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Posted November 21, 2011
This is a relatively short memoir by a Justice who served on the United States Supreme Court for more than 30 years. I would have expected more in-depth inside information regarding friction and disagreements among the Justices---and we all know there have been many of them over Justice Stevens's long career on the High Court. That this narrative was more of a reminiscing than a memoir was disappointing. I also expected to learn more about the Justices as men and women, with their strengths and weaknesses as seen through the Justice's eyes.
I have always enjoyed reading his opinions. Justice Stevens writes clearly and convincingly. I only wish he had written more about the landmark cases he participated in, his disputes with other Justices--particularly with the Court becoming more and more an ideological battleground--and about what truly goes on behind those curtains, in the Justices' Chambers, and in the conference rooms. Only the Justices--and perhaps their law clerks who are sworn to secrecy---really know. Justice Stevens had the opportunity to open the doors, so to speak. I wish he would have done so in more detail.
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Posted October 8, 2013
Posted November 30, 2011
Politics, the lite way...
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Five Chiefs is memoir detailing John Paul Stevens' life and career as a Supreme Court Justice, which includes sections about the Chief Justices he served under.
I have never been a "politics-junky", but as I have gotten older I've realized the importance of politics in today's society. So when I read the blurb, I decided to try reading it. Thankfully, John Paul Stevens writing style and organization wasn't as dry and boring as I thought it would be. Sure, some sections seemed to drone on, but many times it was because I was not associated with the cases and legal terms described. It took me longer to read because I had to look up several law definitions, which could have been avoided if there was some kind of side-note for those of us without background in law studies. I liked the inclusion of the photos, comics, and the copy of the Constitution of the United States; they made the material a little bit more enjoyable. I am glad that it was written like more of a down-to-Earth conversation than a full-blown law textbook, minus those few definitions. It is obvious that John Paul Stevens is very passionate about what he wrote, and he definitely knows what he is talking about. The length was also desirable for a person who isn't a political studies or law major; I would have expected a much lengthier memoir for all that I learned he, and his colleagues, accomplished. Overall, I would recommend Five Chiefs if you are really interested in The Supreme Court and politics because it is filled with facts, stories, and gossip about many of the past Supreme Court Justices.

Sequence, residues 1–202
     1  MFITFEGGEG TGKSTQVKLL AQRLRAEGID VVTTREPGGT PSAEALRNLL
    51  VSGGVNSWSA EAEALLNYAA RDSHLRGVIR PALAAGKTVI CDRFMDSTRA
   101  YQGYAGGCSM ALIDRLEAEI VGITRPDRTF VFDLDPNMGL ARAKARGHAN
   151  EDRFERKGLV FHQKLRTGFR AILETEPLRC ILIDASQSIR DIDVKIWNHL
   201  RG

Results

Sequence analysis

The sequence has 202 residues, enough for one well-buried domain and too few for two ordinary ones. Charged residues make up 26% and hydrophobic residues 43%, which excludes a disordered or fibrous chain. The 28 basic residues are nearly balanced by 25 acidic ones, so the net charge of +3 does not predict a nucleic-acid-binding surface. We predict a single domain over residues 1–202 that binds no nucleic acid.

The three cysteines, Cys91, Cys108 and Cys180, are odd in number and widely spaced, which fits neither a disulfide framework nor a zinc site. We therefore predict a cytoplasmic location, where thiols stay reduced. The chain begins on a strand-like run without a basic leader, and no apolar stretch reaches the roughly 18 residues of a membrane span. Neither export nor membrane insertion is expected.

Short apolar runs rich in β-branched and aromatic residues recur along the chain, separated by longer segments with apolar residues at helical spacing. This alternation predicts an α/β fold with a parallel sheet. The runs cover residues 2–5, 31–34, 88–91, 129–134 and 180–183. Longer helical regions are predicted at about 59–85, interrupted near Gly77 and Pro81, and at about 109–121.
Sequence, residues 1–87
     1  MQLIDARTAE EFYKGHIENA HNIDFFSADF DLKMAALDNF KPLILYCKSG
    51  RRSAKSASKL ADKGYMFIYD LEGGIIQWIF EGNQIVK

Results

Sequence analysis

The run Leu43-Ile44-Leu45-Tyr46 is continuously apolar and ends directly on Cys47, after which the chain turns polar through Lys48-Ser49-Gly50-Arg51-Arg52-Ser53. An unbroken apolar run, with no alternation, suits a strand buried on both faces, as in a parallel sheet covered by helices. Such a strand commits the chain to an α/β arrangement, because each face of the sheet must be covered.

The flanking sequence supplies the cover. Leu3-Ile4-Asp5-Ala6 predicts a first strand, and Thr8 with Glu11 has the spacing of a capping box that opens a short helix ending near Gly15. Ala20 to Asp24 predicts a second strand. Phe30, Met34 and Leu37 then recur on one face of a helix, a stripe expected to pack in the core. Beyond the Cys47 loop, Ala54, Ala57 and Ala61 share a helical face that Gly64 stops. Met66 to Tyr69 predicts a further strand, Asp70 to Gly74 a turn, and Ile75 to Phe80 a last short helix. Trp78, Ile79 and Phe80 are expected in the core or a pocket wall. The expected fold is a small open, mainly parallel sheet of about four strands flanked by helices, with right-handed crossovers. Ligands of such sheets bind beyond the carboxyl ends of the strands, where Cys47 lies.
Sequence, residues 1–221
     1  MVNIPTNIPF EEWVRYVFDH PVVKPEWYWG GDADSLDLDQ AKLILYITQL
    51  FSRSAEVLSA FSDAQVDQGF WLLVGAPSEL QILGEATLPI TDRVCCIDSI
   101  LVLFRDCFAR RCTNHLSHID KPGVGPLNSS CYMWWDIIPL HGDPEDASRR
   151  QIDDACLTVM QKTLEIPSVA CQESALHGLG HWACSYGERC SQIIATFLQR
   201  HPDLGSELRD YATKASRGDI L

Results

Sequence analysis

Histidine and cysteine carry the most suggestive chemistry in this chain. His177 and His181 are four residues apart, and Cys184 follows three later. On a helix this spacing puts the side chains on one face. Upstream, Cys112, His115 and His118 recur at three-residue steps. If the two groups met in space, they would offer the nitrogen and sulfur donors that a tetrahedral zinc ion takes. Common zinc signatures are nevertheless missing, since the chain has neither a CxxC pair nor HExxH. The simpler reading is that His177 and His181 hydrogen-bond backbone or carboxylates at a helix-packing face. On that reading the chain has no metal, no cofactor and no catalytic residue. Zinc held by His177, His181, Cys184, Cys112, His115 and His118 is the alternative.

Rating: Bounty's Out (3/5)
*** I received this book from Little, Brown and Company, (Hachette Book Group), in exchange for an honest and unbiased review.
Posted November 23, 2011
Just OK, maybe better if you are a lawyer
Stevens gives some interseting insights into the workings, traditions and personalities of the court but dwells too much on some of the complex, although historically significant, cases. It's not that the cases aren't interesting but his explanations are a little difficult for the average person to follow. Those educated in the law may give this a higher rating.Was this review helpful? Yes NoThank you for your feedback. Report this reviewThank you, this review has been flagged.
Posted June 8, 2012
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Posted March 22, 2012
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